“Golf is boring.” “I just like driving the cart.” “How can you be that into it?” These are just a few of the comments and questions I hear when I tell people that golf is one of my favorite sports. I have been playing since I was three, and my love for it continues to grow. I am biased, but I don’t know that I could have learned all of the lessons I learned from golf from other sports I played growing up. Here are some of the most important lessons I learned from golf.
This may seem like it doesn’t apply to golf, but playing all four years on my high school team taught me more about teamwork than I would have imagined. It was a completely different experience in golf than I had ever had before. Yes, you are still playing as an individual, but your score is part of something bigger. I learned to never throw in the towel because my team may need my score. It also taught me that it’s ok to lean on others at times. If you aren’t having a good day, others will be there for you and you have to do the same for them.
How to be a Gentleman
There are many things that fall under this lesson. For one, being a gentleman means being honest. You have to call penalties on yourself. It still amazes me to watch professionals call a penalty on themselves when no one else saw the infraction. They do it because it’s the right thing to do. Even with everything they have on the line. You think Kobe is calling a foul on himself any time soon? I don’t think so. Being a gentleman also means being courteous. There are countless rules of etiquette on the golf course that teach you to be respectful of your playing partner. They, in turn, do the same for you. Honesty and etiquette are two of the most important aspects of being a gentleman on and off the course.
Work Ethic & Attention to Detail
Golf is one of the most frustrating sports you will ever play. One day you’ll shoot your career best round, the next day you look like it’s your first time ever playing. From 8th grade to the day I left for college, I hit balls at least five days a week for two hours or more. It is such a tedious sport. If your set up is wrong, it doesn’t matter how great your tempo or rhythm is. The most minute body movements can make the difference between the fairway and the woods. You have to practice the right way over and over again. Everything matters from putting and chipping to full shots and they all require different techniques. You have to give each area of your game equal attention as you have to give each area of your life; job, family and friends attention. You can’t let any aspect fall by the wayside.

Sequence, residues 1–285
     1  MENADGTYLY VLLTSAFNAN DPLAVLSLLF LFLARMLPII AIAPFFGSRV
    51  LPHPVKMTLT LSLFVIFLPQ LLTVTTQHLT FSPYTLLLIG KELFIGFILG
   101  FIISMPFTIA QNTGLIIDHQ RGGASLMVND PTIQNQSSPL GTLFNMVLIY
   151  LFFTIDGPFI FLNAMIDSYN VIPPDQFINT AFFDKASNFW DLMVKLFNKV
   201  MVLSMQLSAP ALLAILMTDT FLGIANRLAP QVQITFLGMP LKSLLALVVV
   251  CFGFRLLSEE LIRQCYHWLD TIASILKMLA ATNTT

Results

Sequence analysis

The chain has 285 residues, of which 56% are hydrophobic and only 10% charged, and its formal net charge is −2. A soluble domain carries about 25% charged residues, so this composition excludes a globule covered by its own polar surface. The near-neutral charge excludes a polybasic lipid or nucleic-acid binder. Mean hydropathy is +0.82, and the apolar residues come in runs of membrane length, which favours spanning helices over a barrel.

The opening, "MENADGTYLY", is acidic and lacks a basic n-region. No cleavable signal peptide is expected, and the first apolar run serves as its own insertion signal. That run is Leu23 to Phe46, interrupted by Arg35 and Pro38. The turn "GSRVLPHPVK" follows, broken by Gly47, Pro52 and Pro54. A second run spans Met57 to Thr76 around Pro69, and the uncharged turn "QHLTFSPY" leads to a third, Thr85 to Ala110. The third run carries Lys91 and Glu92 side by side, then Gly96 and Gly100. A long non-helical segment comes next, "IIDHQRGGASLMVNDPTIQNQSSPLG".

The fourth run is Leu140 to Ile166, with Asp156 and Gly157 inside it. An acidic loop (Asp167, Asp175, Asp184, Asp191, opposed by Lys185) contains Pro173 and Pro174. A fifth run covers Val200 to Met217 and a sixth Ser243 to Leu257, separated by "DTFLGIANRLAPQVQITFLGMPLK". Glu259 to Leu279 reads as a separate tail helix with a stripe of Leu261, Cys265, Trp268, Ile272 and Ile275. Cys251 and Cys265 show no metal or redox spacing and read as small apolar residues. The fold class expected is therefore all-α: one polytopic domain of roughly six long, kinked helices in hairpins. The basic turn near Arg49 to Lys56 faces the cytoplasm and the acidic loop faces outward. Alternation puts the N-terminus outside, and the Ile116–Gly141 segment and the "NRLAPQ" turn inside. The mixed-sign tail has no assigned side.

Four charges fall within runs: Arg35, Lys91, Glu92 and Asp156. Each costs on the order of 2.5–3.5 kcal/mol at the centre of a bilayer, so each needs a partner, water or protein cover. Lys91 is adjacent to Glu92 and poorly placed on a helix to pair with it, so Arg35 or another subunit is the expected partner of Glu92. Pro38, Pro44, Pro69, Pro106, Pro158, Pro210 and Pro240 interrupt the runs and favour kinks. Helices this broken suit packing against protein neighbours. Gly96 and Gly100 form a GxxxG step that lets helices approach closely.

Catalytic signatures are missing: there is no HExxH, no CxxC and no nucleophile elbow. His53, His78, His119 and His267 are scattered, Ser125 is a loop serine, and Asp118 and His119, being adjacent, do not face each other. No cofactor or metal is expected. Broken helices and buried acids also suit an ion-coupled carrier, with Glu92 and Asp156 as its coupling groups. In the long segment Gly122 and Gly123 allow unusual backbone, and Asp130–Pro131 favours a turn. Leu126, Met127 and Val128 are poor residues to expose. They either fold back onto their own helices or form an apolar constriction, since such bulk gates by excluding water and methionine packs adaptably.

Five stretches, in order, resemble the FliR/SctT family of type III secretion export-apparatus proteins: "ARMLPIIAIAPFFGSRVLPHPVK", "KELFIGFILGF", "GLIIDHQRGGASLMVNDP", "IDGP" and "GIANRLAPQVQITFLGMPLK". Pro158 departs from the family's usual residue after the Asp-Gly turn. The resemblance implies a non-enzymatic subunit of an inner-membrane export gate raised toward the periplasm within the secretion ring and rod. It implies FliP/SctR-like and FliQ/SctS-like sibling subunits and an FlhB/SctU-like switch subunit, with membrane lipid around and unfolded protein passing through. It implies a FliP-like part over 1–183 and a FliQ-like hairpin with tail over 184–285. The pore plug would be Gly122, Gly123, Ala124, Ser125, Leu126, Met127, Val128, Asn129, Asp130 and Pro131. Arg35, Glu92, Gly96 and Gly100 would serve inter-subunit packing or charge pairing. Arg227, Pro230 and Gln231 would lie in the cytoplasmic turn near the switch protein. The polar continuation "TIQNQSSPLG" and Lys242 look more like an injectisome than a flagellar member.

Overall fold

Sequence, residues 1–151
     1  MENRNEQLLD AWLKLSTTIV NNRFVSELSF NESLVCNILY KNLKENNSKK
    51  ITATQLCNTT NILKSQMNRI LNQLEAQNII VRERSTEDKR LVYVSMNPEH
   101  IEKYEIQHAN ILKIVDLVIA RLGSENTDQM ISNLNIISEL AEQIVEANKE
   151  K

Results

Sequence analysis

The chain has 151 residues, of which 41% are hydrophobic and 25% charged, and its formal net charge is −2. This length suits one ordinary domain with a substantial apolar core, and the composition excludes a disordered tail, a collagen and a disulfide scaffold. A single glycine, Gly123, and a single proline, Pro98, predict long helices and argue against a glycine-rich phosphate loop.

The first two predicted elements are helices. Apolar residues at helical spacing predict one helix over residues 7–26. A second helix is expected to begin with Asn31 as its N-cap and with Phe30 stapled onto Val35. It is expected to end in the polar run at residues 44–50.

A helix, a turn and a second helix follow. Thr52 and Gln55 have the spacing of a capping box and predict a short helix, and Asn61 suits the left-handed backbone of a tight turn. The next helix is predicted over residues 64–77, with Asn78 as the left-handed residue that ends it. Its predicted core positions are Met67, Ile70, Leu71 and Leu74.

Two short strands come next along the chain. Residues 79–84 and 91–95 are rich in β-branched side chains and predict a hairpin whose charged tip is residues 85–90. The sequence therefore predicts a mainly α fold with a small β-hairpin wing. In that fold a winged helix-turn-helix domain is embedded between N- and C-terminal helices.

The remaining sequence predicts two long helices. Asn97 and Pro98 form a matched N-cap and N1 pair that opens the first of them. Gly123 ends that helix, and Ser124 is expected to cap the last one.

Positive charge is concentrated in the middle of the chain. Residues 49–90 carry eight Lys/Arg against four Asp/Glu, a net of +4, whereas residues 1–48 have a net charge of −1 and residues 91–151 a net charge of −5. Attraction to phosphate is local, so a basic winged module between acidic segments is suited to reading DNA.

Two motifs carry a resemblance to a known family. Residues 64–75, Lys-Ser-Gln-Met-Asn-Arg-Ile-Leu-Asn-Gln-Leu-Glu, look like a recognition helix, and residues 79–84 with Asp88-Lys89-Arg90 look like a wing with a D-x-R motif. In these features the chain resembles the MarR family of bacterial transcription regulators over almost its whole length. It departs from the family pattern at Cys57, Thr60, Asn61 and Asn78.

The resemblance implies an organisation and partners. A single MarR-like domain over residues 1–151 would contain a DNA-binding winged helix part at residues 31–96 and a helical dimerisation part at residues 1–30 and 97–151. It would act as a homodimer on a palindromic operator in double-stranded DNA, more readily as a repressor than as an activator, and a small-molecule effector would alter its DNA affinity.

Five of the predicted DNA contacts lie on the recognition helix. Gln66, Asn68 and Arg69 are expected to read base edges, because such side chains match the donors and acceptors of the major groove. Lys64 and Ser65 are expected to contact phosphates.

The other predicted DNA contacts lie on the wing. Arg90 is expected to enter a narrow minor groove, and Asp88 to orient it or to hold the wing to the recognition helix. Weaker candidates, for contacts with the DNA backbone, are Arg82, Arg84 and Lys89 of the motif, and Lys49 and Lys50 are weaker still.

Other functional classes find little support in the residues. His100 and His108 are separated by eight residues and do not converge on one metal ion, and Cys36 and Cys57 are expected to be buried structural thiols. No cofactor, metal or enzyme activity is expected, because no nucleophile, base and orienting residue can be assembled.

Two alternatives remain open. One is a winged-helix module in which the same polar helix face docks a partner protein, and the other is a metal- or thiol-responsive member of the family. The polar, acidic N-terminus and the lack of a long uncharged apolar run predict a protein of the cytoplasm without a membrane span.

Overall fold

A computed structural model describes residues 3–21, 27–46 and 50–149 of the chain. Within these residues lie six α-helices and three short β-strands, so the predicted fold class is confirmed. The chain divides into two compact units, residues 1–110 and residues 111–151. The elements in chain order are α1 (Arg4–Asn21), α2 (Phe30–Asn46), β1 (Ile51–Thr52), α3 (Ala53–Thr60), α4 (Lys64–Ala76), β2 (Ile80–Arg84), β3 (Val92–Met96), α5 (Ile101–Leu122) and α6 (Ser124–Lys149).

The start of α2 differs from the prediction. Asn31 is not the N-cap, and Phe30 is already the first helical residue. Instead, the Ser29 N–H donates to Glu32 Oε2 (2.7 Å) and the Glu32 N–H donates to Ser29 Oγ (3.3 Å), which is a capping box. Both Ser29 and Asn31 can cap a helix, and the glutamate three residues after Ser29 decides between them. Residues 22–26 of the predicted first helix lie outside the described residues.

Admittedly, this lesson is a constant work in progress for me. Not only does this include patience with others, but patience with yourself. You can’t expect to perfect a swing change over night, just like you can’t expect to do anything in life perfectly the first time. When you make mistakes, it’s ok. Learn from them and try not to make it again. If I hit a slice, I most likely came over the top of the ball. I know how to correct that. Learning what causes mistakes allows you to fix them and maybe avoid them all together in the future. Each shot and scenario is a learning experience. You always learn more from bad shots than good ones.
These are only a few of the lessons golf has taught me the past 20 years of my life. All the lessons golf has taught me transfer to the real world. I cannot finish this post without thanking Mimi and Pop Pop for putting a plastic club in my hand when I was three and supporting me and my brother ever since. It is still the greatest gift they have ever given me. It has become ingrained in my family and some of my best memories are playing with my dad and brother on weekend afternoons and playing with my grandparents cousins. Golf isn’t boring, you’re just not paying close enough attention.
“It’s fun. It’s hard and you stand out there on that green, green grass, and it’s just you and the ball and there ain’t nobody to beat up on but yourself; just like Mister Newnan keeps hittin’ himself with the golf club every time he gets angry. He’s broken his toe three times on account of it. It’s the only game I know that you can call a penalty on yourself, if you’re honest, which most people are. There just ain’t no other game like it.” – The Legend of Bagger Vance